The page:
History museum

DuSable Black History Museum to Host Screening Honoring Chicago Artist Norman Parish

The DuSable Black History Museum and Education Center will host a documentary screening Friday night honoring Chicago artist Norman Parish.

The screening, entitled “Walls of Respect: Norman Parish and the Parish Art Gallery”, will pay tribute to the life and work of the artist and art dealer.

Parish founded an art gallery in the Georgetown neighborhood of Washington, D.C. in 1991, where artists from the African diaspora were “spotlighted like never before, cementing its position as one of the black-owned galleries most important in the country. according to the museum’s website.

Parish was one of many artists who contributed to the “Wall of Respect”, a mural that depicted images of African-American achievement on Chicago’s South Side in 1967. A fire broke out near the mural in Chicago’s Grand Boulevard neighborhood in 1971, and the building that displayed the artwork was eventually destroyed.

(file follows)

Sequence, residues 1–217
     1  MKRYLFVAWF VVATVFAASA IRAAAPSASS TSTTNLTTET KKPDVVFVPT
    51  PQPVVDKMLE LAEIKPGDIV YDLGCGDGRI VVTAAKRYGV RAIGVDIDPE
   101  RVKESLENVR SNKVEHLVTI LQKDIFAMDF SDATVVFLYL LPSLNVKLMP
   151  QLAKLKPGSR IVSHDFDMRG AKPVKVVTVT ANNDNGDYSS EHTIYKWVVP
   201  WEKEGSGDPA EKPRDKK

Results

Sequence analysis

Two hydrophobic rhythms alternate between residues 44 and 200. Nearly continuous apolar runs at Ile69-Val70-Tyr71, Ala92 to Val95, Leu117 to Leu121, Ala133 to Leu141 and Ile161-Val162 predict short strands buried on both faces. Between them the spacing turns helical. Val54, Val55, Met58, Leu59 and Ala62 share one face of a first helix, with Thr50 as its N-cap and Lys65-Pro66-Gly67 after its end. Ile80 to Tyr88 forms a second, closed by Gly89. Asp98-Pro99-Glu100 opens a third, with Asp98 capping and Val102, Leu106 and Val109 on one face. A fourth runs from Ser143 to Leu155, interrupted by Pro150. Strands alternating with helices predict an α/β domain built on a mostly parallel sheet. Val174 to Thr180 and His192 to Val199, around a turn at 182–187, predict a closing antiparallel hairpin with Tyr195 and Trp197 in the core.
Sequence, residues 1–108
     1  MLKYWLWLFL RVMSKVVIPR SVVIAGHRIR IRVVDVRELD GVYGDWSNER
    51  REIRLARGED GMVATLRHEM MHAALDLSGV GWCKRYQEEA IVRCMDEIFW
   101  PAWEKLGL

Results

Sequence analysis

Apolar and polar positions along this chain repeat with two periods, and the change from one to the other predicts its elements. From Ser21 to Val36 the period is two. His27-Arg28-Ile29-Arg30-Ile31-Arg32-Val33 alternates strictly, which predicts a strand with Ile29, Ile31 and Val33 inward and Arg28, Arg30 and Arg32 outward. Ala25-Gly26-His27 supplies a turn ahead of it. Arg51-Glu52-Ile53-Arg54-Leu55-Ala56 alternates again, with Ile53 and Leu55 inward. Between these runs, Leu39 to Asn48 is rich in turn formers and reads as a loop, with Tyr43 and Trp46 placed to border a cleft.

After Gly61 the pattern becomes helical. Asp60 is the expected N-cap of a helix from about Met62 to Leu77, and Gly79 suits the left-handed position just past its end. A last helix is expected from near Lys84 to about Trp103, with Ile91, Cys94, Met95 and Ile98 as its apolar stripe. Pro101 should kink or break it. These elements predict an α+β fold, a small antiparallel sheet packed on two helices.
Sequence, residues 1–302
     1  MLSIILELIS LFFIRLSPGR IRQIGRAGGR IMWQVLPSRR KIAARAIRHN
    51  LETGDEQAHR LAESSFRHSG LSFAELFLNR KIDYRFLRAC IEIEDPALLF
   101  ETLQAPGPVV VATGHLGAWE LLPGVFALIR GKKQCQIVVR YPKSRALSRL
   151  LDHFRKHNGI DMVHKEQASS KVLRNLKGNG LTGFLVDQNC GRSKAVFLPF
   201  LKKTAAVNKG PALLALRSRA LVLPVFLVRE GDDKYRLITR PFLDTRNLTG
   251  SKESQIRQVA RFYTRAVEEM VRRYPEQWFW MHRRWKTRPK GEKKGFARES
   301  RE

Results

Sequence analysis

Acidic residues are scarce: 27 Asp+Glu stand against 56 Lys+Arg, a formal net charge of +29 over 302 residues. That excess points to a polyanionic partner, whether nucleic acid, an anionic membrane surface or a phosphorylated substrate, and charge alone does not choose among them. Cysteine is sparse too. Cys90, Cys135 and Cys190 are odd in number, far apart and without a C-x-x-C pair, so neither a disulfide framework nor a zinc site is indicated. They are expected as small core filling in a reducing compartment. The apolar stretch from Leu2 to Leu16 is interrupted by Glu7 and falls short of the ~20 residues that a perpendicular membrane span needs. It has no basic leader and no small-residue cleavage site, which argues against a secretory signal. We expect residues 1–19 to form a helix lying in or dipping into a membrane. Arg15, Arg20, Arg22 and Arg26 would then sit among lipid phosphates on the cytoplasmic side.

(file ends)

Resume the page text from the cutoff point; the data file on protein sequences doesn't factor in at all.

Parish was part of a politically active group of black artists early in his career and continued to paint after going to Washington in 1988 to take a job at an environmental firm as a computer graphics designer, according to the Washington Post. .

The screening is the second in the museum’s “DuBlack Film: Legacy Series” and will take place at 740 E. 56th Place from 6:30-9:30 p.m.

After the screening, Parish’s son and associate editor of the Chicago Sun-Times, Norman Parish III, will be available for conversation and a Q&A.